Zaid Ahmed, 29, Kolkata-based content manager, feels that Black Panther  (the film, which was a roaring success and even bagged a few Oscar awards) should wear all white instead of black. “I would make Black Panther’s costume all white. So the moment he arrives to catch the bad guys everyone gets confused whether it’s actually Black Panther or his albino twin brother Erik Killmonger who is a villain, and in that confusion he catches the bad guys. I also feel white is different as everyone wears dark shaded costumes,” he shares.  

However, Ahmed thinks Batman needs to wear black. “Batman wears black for practical reasons — he operates at night in the shadows, so a dark costume works for him, and he needs all the advantages, since he’s just an ordinary person. So it’s hard to change his colour. Superman wears red and blue since he is a personification of American ideals, so it’s easier to change his colour. But the problem is that they already did that in the comics with Superman Red and Superman Blue. Hence I would like to change Spider-Man’s costume colour and make him wear all yellow to differentiate him from Superman,” says Ahmed. He feels that the vibrant shade of yellow will symbolise his sunny personality. “Spider-Man is a snarky guy, so yellow suits him because it’s a bright and joyful colour. It goes well with his funny and jovial nature. I am not saying this because I love yellow (I just have one yellow t-shirt!), but simply because the hue will complement him well and maybe confuse his enemies — because of the bright colour if he’s crime fighting in broad daylight!” chuckles Ahmed.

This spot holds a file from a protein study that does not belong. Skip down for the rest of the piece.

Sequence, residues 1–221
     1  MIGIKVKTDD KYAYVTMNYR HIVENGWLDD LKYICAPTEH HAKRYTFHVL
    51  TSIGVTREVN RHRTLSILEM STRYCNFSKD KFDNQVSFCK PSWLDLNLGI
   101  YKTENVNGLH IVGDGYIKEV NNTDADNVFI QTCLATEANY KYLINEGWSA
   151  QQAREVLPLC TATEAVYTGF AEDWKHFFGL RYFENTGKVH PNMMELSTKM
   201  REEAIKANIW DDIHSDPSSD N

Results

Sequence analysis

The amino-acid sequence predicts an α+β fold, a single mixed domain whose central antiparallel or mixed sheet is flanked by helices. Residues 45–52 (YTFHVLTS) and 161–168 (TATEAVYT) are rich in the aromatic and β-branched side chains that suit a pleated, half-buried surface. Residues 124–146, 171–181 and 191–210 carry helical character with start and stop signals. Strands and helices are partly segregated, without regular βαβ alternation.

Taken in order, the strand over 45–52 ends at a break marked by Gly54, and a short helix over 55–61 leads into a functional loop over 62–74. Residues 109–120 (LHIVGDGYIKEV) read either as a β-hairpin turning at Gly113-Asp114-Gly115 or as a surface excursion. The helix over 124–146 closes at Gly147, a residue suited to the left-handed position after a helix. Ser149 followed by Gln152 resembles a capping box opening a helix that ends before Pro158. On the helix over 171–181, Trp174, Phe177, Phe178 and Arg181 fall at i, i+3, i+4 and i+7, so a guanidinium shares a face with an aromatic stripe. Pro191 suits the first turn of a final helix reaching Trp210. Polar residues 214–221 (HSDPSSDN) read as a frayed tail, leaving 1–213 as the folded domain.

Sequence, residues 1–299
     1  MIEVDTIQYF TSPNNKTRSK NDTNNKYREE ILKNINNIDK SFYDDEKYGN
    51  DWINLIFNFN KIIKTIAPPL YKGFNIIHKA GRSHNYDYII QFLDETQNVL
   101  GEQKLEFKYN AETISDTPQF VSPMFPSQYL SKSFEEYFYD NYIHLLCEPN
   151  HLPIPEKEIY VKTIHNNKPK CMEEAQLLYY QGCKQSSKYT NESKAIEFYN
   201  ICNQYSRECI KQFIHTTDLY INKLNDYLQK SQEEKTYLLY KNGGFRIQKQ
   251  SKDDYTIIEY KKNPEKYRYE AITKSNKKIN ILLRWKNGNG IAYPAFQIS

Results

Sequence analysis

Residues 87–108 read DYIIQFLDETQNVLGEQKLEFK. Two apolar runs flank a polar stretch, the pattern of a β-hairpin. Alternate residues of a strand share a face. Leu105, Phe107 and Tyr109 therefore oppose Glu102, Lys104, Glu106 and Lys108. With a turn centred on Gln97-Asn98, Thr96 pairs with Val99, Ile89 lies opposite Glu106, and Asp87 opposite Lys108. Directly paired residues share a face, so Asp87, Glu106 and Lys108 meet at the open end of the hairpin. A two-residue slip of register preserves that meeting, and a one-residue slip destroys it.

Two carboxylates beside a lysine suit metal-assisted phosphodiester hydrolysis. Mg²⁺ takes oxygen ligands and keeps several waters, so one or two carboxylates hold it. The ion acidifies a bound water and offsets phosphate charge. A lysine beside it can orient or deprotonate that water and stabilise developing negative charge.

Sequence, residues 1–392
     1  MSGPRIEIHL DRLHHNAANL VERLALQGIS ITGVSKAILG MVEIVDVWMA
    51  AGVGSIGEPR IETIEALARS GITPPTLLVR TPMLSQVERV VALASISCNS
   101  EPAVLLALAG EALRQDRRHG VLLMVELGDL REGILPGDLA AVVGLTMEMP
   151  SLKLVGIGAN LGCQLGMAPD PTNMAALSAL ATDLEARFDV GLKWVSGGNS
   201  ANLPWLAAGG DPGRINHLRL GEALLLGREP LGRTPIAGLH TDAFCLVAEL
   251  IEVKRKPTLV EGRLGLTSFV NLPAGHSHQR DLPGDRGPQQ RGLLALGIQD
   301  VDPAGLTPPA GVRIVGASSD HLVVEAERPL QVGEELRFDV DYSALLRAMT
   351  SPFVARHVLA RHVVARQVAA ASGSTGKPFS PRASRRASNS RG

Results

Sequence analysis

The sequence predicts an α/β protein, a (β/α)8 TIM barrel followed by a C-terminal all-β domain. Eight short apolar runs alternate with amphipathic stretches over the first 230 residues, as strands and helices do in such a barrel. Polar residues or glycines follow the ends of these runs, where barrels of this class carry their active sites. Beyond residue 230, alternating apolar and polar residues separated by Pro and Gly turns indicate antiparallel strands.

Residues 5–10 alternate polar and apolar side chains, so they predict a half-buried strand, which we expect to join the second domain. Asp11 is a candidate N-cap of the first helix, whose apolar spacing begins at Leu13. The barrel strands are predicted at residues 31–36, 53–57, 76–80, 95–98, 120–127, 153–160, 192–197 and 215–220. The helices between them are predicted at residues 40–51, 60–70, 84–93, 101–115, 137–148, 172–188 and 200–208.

While many refrained from ‘changing’ the colours of the costumes of their favourite superheroes, many felt that Severus Snape’s black outfit — the coldly sarcastic potion masters in Harry Potter series — needs an instant makeover. One of the bravest and kindest wizards, Professor Snape was one of the most misunderstood and hated guys, also because of his appearance. Snape, who was a double agent and protected Harry till his last breath and loved his mother deeply, has been described as a thin, pale man with sallow, oily skin, greasy shoulder-length black hair which hangs in curtains around his face. He has black eyes that are most often cold and sometimes glittery, and a very large hooked nose. He wears black during the day and a grey nightshirt after sundown.